Friday, March 22, 2013

Steam Power

Pegs on which to lay the work to be steamed.
A while back I put together a pair of wooden bicycle fenders. These were made from hardwood ash slats that I soaked and bent by hand. That worked OK and gave a partial bend but the reality was that I needed a perfect bend, such that there was no spring to the fender that could work loose from the hardware affixing it to the bike. I knew that the real answer was to steam bend the pieces. Steam bending is a process by which wood is immersed in a steam bath for enough time to raise the temperature of the material to about 212 degrees Fahrenheit. The hot steam helps to open the poors of the wood and soak water into the core, making the wood pliable and easy to bend rather than breaking. Bending wood or in reality, bending anything involves stretching outer portions of the material and compressing inner portions of the material. The harder and drier the wood, the more reluctant it is to bend rather than break.

Because I need to bend long thin strips of wood, I needed something in which those strips can be housed and then bathed in steam sufficient to raise the temperature above 200 degrees. I remembered seeing an old This Old House or the New Yankee Workshop program years ago where Norm used a chamber made from PVC to steam some work. A quick Lougle search and there was tons of info on such apparatus as well as steam production units. In terms of steam production units, the easiest approach would be to take a hot-plate and a tea-kettle and plumb the steam into the steam chamber. There were hundreds of variations of that premise out there using everything from wood-fired rigs to turkey-friers. I decided to purchase a self contained unit that was specially designed for this and came with everything required except the chamber.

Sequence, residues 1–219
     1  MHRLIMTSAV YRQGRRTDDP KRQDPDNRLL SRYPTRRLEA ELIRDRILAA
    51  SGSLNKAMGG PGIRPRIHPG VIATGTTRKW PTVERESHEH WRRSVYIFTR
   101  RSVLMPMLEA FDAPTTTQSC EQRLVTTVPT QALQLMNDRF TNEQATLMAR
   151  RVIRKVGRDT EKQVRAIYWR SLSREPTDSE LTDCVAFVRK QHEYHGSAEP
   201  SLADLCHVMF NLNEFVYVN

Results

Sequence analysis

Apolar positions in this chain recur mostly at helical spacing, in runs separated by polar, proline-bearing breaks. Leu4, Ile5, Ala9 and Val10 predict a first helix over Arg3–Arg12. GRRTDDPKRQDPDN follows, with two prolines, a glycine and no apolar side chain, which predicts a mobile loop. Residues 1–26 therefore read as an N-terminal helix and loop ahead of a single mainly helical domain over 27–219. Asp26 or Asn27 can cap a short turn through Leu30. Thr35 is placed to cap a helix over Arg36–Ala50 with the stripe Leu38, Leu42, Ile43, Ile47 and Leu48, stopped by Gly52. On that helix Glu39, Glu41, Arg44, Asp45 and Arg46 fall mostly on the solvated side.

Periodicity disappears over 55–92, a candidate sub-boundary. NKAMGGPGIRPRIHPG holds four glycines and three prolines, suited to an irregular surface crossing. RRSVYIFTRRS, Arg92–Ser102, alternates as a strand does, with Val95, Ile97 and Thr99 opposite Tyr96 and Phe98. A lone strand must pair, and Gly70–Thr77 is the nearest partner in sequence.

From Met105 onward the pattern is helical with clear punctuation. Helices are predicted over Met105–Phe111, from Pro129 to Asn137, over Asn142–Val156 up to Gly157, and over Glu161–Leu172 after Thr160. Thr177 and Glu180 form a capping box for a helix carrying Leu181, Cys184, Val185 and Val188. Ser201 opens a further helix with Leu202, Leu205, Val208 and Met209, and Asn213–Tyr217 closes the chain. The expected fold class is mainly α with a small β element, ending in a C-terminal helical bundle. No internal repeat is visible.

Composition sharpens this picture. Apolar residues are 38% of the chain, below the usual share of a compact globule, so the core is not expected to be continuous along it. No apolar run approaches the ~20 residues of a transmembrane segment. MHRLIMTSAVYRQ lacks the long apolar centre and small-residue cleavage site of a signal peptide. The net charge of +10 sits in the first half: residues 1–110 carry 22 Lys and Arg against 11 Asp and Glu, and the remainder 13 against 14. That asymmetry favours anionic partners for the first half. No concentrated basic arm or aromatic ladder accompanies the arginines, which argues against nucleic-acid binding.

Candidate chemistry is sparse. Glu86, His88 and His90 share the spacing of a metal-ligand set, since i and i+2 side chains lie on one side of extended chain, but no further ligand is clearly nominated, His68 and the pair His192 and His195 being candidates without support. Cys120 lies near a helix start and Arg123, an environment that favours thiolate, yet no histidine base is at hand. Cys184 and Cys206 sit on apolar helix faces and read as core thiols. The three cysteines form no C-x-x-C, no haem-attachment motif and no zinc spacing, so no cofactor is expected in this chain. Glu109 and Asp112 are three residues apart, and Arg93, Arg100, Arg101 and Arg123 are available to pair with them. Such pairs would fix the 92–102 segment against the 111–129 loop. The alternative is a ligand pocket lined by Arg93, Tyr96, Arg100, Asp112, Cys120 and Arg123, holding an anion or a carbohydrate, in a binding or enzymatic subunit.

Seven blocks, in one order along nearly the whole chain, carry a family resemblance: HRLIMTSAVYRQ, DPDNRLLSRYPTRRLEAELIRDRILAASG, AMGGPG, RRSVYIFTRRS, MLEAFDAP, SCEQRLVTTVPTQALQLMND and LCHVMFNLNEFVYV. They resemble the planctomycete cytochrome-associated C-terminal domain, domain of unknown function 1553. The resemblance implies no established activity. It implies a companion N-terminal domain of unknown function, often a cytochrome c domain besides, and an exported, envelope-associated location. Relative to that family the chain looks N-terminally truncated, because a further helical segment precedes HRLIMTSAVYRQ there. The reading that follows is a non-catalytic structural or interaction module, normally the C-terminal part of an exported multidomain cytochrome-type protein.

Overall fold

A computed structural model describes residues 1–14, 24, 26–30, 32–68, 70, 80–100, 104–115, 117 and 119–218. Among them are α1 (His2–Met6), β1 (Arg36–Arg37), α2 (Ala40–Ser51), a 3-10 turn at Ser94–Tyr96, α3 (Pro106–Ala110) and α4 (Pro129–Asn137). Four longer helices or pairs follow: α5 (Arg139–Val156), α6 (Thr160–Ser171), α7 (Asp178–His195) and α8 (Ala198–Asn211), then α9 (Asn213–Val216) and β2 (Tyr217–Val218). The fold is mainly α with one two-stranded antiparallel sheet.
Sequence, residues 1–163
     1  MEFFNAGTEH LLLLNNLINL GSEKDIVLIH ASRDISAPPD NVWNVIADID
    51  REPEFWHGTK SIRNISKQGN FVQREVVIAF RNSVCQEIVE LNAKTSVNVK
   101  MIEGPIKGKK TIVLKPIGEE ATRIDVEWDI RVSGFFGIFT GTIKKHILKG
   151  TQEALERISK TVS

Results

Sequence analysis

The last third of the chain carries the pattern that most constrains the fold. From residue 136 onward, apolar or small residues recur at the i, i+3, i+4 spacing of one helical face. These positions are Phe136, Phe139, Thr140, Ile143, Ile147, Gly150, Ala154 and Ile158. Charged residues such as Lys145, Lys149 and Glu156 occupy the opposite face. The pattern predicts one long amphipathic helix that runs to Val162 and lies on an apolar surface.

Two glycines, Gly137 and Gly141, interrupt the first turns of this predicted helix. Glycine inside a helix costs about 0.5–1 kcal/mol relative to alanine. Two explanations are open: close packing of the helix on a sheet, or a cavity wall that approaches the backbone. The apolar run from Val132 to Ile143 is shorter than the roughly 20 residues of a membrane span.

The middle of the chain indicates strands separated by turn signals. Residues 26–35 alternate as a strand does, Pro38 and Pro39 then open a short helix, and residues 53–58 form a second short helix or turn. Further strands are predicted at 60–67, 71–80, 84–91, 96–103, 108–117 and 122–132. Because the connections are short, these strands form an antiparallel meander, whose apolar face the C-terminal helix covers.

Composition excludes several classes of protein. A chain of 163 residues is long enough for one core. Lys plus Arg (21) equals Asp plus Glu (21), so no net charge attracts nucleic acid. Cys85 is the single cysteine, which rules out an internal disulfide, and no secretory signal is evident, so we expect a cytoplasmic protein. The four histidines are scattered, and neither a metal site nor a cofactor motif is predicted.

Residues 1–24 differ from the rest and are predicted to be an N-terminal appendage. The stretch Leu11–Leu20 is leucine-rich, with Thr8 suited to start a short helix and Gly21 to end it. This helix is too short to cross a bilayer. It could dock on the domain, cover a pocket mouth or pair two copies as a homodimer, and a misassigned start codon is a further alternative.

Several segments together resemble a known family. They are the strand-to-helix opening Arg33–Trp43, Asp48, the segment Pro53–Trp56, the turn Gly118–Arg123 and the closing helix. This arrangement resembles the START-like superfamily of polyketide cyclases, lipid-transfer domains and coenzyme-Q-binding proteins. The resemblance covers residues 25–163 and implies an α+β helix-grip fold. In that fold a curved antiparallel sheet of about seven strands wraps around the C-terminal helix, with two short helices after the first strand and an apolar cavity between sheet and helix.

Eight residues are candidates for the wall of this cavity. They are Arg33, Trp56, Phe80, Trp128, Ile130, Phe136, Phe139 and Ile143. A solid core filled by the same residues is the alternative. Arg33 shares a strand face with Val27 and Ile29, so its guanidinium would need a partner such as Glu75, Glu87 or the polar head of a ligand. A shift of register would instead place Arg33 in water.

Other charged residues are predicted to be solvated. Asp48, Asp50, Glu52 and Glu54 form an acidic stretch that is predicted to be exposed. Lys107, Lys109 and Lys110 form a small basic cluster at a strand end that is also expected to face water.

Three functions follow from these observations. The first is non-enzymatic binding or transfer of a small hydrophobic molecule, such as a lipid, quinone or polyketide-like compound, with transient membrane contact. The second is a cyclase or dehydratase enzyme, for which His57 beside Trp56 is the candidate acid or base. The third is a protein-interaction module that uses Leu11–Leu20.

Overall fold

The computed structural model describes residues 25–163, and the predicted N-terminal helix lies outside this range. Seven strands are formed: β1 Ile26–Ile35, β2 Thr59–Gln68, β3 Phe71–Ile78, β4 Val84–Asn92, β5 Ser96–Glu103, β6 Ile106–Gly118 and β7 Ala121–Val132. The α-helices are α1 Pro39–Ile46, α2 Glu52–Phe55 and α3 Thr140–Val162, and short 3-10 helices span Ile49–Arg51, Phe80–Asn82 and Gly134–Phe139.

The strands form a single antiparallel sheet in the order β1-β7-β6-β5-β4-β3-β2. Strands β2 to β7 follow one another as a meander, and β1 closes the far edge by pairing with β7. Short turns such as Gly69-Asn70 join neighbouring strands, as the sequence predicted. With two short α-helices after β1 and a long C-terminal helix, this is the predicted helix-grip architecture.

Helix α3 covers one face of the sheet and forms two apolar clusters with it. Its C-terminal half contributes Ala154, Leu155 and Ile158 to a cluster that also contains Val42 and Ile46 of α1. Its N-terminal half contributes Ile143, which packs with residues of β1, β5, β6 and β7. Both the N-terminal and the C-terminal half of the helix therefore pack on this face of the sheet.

Fitting for steam hose and steam delivery.
For my chamber I used 4" Schedule 40 PVC pipe. This stuff is your standard waste water pipe that is used in most modern homes. Rather than cut a section from the plumbing in our house I decided to head to the Depot and pick a piece up. It comes in 10' lengths and cost about $19. For fittings on the ends of the pipe I had some choices. The easiest was a 4" cap but since PVC components apparently use a material based price model rather than how intricate the piece is, a simple end cap (which did have a mess of plastic in it) cost more than a clean-out and cap combined. I liked and purchased the latter as it affords easier access though it does slightly reduce the ID of the chamber entry.

One note on principle here when dealing with steam. Captured steam is really, really dangerous. For one it is hot, above boiling as we all know. It also pressurizes and can generate enormous power. Remember, they used it for powering locomotives and also recall the first steam heater that they produced without safety blow-off valves, which would trip when the pressure got too high, lead to come catastrophic failures. I think Mythbusters did a segment on them as well. So, this means your steam chamber should not, ever, be air tight. There should be no pressure building in it at all. Rule of thumb is that if you have a 1" hose delivering the steam to your chamber, you should have at least a 1" hole to expel the pressure.

Clean-out end with removable vent peg and thermometer.
Back to the design, I decided to go with a 6' long chamber with the thought that if I needed more space at some point I could pick up a coupler and tack the remaining 4' of pipe back on. After cutting the pipe to size I then measured and drilled 7/16" holes along the center of the pipe spaced equally along the length through both sides of the pipe. Into these holes I inserted 3/8" wooden dowels that I had cut about an inch over the OD of the pipe. These dowels would serve as a rack for the work to be laid across so it would be completely exposed to the steam. To be creative I also drilled smaller holes in each end of the dowel through which I inserted small sections of smaller 3/16" dowels. These acted as stops for the bigger dowels so they wouldn't fall out of the holes as the chamber unit was moved around.